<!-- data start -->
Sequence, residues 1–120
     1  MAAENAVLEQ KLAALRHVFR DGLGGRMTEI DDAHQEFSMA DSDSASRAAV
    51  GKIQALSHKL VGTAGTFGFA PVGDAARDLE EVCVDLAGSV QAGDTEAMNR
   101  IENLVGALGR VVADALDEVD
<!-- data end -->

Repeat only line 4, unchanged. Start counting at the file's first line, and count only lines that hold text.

   101  IENLVGALGR VVADALDEVD